The Well Digger's Daughter

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Laura Clifford 
The Well Digger's Daughter

Robin Clifford 

Before the start of WWI, laborer Pascal Amoretti (Daniel Auteuil, "The Closet," "Cache") was as happy as he could be living in Provence with his six daughters.  His eldest, the Paris-educated Patricia (Astrid Bergès-Frisbey, "Pirates of the Caribbean: On Stranger Tides"), has caught the eye of Pascal's assistant, the sturdy, dependable Félipe (Kad Merad, "The Chorus," "Don't Worry, I'm Fine") and Pascal encourages the man, but she's also grabbed the attention of shopkeeper's son Jacques Mazel (Nicolas Duvauchelle, "Wild Grass," "Polisse"), a handsome young pilot who leaves to fight the war after he's seduced her.  His parents are shocked when they are presented with "The Well Digger's Daughter."

Laura:
French actor Daniel Auteuil has stayed in touch with the Pagnol family ever since Claude Berri's adaptations of "Jean de Florette" and "Manon of the Spring" brought him to international stardom, so, when a remake of Marcel Pagnol's own film of his novel was discussed, the actor decided to not only star, but take the plunge behind the camera.  Everything went so well that he is now in pre-production with Pagnol's "Fanny" trilogy.

Auteuil has a very classical touch behind the camera, nothing showy but beautifully pastoral as filmed by his "Le Bossu" cinematographer Jean-François Robin.  His adaptation encompasses many things - a mother's reluctance to give up a son, history repeating itself within a family, the pull of sexual desire vs. safe respectability and the value of an education in breaking class divides.  As an actor himself, Auteuil's made spot on casting decisions.  If there are stumbles, it is perhaps the unexplained eloquence of the well digger himself and Alexandre Desplat's ("The Tree of Life") score which flirts with plagiarism (his first two lines, repeated throughout the film, are identical to "Rosemary's Baby's" until the last note).

As Pascal, Auteuil himself has a wonderfully resigned sense of humor about living in a house of women.  He's pleased that Patricia has returned to help (she had been given up to a rich Parisian woman for her own benefit) and invites the kind but older Félipe to her 18th birthday dinner where she will be presented with a chic hat picked out by the next eldest, Amanda (Emilie Cazenave), who wouldn't at all mind Félipe's attentions herself. Patricia resists his invitation to an air show until she hears that Jacques will be one of the participants. She's met Jacques by a stream while bringing her father his lunch and the young man gallantly carried her across.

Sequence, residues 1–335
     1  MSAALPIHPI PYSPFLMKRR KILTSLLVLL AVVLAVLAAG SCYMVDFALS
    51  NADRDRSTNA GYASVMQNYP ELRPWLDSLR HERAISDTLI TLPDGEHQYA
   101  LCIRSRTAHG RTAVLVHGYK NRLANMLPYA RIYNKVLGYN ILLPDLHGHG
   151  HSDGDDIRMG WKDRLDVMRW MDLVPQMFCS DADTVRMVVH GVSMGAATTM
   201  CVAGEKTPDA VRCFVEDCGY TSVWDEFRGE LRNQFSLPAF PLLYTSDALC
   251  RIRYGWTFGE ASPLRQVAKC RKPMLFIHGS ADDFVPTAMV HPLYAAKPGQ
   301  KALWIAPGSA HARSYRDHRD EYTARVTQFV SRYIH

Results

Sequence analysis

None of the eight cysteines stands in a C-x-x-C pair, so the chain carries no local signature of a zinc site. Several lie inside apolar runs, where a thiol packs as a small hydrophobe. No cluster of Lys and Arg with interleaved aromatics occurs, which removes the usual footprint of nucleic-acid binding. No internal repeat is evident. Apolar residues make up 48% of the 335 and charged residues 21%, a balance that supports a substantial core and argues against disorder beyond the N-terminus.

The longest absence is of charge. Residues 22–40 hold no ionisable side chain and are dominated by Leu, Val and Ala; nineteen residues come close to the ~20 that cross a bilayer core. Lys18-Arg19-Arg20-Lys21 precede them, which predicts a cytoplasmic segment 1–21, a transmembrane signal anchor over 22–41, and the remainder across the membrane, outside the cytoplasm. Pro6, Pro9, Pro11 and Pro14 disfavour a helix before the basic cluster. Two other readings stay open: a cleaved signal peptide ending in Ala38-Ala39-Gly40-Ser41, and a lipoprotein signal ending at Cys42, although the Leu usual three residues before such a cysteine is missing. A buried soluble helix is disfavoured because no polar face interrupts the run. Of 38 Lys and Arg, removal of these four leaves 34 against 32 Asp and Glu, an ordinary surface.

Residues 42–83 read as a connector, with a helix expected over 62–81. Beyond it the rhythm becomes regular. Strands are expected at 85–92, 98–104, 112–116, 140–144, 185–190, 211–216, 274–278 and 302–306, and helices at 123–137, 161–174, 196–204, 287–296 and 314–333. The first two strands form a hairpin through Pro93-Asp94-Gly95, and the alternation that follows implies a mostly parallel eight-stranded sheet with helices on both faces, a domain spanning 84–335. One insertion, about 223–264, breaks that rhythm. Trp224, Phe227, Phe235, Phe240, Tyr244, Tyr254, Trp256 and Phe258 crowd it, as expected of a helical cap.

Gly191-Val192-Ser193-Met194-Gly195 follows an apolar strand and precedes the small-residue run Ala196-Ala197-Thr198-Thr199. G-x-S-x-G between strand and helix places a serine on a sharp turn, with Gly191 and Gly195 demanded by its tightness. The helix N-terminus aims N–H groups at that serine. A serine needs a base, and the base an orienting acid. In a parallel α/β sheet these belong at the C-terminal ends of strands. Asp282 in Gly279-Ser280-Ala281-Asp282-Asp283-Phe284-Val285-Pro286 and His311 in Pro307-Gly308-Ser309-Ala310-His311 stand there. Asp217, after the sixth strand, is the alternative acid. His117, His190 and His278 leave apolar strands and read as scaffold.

At the air show, as pre-planned, Patricia makes up a story about meeting an aunt whom her father doesn't get along with.  She ends up in a room with Jacques while Félipe drinks the afternoon away waiting for her return. Jacques is then called to the front with little warning and entrusts his mother (Sabine Azéma, "Wild Grass") with a letter to give to Patricia at their planned meeting that he cannot make, but when Mme Mazel sees the beautiful young girl, she hides and burns his letter.  Later, when dad learns of her predicament he marches his entire family to the home of M. Mazel (Jean-Pierre Darroussin, "Red Lights," "Le Havre") and his wife but, without knowledge of the letter, there is no proof of a connection between the laborer's daughter and the sought after
son.  Pascal is stern but supportive and takes Patricia to the home of his sister Nathalie (Marie-Anne Chazel) who, it is implied, once faced similar circumstances herself.

Auteuil has two central speeches, so beautifully delivered we wonder where the man learned to think and express himself so well, but that's a minor quibble as Pascal has been established as an open hearted, generous man. As his friend and employee Kad Merad and Auteuil conjure a shared history that's relaxed yet strong, the younger man clearly just about part of Pascal's family.  The terrific Darroussin paints a fair man, open-minded yet skeptical and the contrast with Sabine Azéma's fluttery performance is gently amusing.  The young lovers are pretty, Bergès-Frisbey earnest, Duvauchelle leaving enough ambiguity to allow his character to solidify at the climatic moment.

"The Well Digger's Daughter" may not hold too many surprises, but it's a well made film about good people thrust into difficult circumstances compounded by small village perception.

B

Robin:
Robin gives "The Well Digger's Daughter" a B+.
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